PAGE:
The speaker of Andrew Marvell’s poem, "To His Coy Mistress," thinks that time is a super-villain out to get him. He wants to flip the script and control time. It’s not surprising that Marvell was concerned with time. It was a hot topic in the 1600s. Marvell lived during the time of both Galileo Galilei and Sir Isaac Newton, both of whom revolutionized the way we think about time today. Time remains a mystery to us, and Marvell’s poem gives us an opportunity to explore that mystery.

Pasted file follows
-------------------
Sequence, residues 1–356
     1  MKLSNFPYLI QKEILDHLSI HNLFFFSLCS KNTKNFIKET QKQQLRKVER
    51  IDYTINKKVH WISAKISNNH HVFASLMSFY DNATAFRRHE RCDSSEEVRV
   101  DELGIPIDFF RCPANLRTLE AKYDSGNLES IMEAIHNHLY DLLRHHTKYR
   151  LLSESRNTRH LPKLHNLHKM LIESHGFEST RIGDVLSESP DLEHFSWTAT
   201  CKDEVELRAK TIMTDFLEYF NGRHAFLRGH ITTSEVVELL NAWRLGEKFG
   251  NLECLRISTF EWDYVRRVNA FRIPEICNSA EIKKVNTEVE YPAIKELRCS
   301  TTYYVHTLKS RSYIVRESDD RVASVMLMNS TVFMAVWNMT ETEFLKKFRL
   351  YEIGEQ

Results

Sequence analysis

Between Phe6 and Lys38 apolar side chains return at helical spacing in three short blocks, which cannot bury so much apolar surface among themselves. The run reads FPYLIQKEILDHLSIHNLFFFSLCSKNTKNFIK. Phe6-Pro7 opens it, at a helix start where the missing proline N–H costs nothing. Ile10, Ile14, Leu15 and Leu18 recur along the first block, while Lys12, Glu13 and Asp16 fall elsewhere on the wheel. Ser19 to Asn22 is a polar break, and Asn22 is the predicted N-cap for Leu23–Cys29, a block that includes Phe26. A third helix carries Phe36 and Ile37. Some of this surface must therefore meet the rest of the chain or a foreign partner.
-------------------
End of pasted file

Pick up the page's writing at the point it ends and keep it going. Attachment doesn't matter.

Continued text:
Time functions as a character in the poem – a character who battles the speaker over the speaker’s mistress, or so the speaker claims to believe.
A look at the history of clocks helps us understand the anxiety over time that the speaker of "To His Coy Mistress" feels. (This one will require some research.)